I forgot how much I liked perl until I got to touch it again today. My manager Homer is too overrun with projects, so my boss Red Queen pulled me off the data analysis to help Homer out. The bliss of having well-defined assignments and concrete beginnings and ends... I wonder whether I can write perl on-the-side when I'm in med school in Boston. Offer my services to any companies who need text files parsed or otherwise chopped up and dumped into a database through a script. Make a little bit of extra money. Perhaps I'll put up an ad on Craig's List when I arrive in Boston.

"Perl programmer for hire."

Homer: "You'll have lots of competition you know. Especially in a place like Boston, full of students."
"Fine. Asian female Perl programmer for hire."
"You'll get all these geeks handing you tiny textfiles just so they can talk to you."
"It's okay. As long as they give me my 50 bucks per script. And for an extra fee, they can watch me program."
"Oh my God. It'll be like geek porn. You'll get hired for their bachelor parties. Wear a little school girl outfit and write code on a computer. They'll be like Dude. Did you see that line she just wrote? That was awesome and wipe the sweat off their foreheads. Some might even faint! Then you can jump in with your medical training and revive them. They might even like that!"

Posted by ink |  10:14 AM

[Monday, February 07, 2005]

Super Bowl.

Last year's Super Bowl was slammed for revealing a breast for a split second, a body part that most children have not only seen in their younger years, but most likely also touched and suckled. This year's Super Bowl has commercials for Cialis, "recommended for erectile dysfunction", and also "only for men healthy enough to endure sexual activity". And yet no one complains.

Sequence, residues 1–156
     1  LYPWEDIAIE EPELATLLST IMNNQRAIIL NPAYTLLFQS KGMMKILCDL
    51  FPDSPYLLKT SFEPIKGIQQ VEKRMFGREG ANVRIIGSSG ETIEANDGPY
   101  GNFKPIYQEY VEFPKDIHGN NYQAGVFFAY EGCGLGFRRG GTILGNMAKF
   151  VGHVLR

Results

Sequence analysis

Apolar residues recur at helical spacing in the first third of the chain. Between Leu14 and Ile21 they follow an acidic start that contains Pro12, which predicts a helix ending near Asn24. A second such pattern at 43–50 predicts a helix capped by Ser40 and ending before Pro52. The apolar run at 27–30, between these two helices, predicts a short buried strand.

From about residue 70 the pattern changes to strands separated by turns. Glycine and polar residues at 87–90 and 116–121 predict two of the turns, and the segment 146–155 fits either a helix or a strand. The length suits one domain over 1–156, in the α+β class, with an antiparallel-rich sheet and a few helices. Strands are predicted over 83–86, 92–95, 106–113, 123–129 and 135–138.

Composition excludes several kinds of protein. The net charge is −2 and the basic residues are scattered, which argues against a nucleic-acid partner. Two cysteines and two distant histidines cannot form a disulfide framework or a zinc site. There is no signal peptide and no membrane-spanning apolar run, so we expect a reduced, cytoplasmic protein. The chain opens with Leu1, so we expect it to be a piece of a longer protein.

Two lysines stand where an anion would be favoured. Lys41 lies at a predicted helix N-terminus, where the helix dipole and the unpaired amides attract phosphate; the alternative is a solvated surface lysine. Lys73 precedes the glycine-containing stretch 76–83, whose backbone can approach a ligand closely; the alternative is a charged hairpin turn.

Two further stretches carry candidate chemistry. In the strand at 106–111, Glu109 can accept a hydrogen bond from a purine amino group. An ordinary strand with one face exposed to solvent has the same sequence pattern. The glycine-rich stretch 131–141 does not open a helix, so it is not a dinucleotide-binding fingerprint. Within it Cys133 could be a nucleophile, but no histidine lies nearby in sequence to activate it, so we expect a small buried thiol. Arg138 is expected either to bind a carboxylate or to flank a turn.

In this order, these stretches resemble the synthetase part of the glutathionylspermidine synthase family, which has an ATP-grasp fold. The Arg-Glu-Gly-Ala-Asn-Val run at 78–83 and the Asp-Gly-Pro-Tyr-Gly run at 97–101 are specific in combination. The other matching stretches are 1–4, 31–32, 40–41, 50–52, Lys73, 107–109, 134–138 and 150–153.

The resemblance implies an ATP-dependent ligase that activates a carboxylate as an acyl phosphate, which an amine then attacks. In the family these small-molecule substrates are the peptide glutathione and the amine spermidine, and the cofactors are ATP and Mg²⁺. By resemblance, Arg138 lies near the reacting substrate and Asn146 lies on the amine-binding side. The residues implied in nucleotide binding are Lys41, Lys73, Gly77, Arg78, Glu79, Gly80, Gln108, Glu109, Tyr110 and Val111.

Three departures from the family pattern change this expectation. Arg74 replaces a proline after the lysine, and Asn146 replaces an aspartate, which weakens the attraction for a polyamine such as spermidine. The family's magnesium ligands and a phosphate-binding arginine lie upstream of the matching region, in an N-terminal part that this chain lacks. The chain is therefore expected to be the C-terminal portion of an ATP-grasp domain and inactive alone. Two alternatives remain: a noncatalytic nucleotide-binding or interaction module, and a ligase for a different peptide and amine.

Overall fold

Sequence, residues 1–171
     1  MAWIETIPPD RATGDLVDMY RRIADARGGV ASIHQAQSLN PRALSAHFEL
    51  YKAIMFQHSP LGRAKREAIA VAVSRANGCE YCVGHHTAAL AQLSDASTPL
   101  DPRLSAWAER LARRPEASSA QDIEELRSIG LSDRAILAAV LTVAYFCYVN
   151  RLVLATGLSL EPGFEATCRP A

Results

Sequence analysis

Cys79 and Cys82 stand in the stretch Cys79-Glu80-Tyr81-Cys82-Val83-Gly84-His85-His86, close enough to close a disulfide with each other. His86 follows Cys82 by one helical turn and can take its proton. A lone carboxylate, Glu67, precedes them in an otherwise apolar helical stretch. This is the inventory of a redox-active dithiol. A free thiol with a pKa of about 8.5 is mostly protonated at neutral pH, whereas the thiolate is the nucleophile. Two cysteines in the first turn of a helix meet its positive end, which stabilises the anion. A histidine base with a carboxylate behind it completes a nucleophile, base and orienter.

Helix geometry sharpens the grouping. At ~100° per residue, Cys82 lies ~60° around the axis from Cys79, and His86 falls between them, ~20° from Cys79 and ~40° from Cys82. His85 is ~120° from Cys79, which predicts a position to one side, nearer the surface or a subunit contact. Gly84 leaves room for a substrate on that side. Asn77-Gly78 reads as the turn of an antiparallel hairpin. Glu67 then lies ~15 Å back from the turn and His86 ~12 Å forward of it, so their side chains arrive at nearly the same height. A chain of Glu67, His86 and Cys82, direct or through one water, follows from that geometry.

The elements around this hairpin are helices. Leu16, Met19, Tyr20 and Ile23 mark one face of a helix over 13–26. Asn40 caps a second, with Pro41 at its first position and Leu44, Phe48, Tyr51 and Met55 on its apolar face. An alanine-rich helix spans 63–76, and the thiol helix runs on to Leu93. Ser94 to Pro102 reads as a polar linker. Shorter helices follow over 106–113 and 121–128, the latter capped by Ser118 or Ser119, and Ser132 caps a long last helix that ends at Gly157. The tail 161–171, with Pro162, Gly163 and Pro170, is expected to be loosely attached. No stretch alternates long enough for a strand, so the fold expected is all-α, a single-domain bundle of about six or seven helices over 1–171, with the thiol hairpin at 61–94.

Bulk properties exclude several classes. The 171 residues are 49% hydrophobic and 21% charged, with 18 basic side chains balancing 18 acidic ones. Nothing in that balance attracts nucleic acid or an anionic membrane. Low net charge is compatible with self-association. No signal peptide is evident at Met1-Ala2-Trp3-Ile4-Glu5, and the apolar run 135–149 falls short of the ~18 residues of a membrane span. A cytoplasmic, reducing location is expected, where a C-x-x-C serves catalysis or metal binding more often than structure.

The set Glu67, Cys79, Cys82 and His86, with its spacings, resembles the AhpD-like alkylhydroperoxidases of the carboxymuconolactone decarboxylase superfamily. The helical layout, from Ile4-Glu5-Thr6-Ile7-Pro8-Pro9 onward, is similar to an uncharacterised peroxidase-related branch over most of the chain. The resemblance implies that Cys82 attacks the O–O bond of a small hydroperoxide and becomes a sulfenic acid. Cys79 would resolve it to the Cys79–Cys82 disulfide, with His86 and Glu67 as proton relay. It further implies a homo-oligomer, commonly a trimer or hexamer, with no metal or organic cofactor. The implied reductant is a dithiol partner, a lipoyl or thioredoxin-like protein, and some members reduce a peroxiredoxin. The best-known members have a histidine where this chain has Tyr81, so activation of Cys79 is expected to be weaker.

"Mommy. What's erectile dysfunction?"

The Anheuser-Busch commercial, on the other hand, brought tears to my eyes. For those who missed it, it opens up with a typical airport scene. People waiting in chairs, individuals reading newsppapers, buying drinks. Then you hear one clap. Then more clapping. People turn around to see what's going on, and start to stand up and clap themselves. Camera cuts to soldiers coming off a plane and walking through the airport. People line the walkway as they applaud. Commercial ends with the words "Thank you" in white, against a black background. Nowhere in the commercial was a bottle of beer seen. I thought it was very classy of them.

Close to my heart were the careerbuilder.com commercials. Many a time, I've felt like I was working with monkeys myself. My favorite was when the monkey xeroxed his butt.

Posted by ink |  9:04 AM

[Sunday, February 06, 2005]

Brother(3:33:47 PM): hey jeh
Brother (3:33:51 PM): i got tweezers
Brother (3:33:58 PM): i forget how to use em
Brother (3:34:04 PM): you get in as close as possible right?

Ink (3:46:49 PM): oh jeez
Ink (3:46:52 PM): what are you using these tweezers for

Brother (3:47:54 PM): my nipple hair!
Ink(3:48:22 PM): it grew back?!
Ink (3:48:46 PM): did it make babies? is there more than one now?

Brother (3:48:44 PM): i never plucked it out
Ink (3:48:58 PM): i know you didn't. -i- plucked it out for you last time. because you were too much of a weenie to do it yourself.
Brother (3:51:41 PM): can you tell me how?
Ink (3:51:57 PM): yes. do you have a good pair of tweezers?
Brother (3:52:06 PM): i think so
Ink (3:52:07 PM): a cheap pair won't get a good grip
Brother (3:52:15 PM): they cost $2
Ink (3:52:19 PM): erm. are they metal or plastic?
Brother (3:52:26 PM): metal
Ink (3:52:31 PM): well. i guess it'll be okay. grab at the base of the hair. do it real fast. Hopefully it won't hurt anymore than a purple nurple.

Posted by ink |  3:48 PM

[Saturday, February 05, 2005]


With all my free time, I am going to do the following things:

1. Learn Italian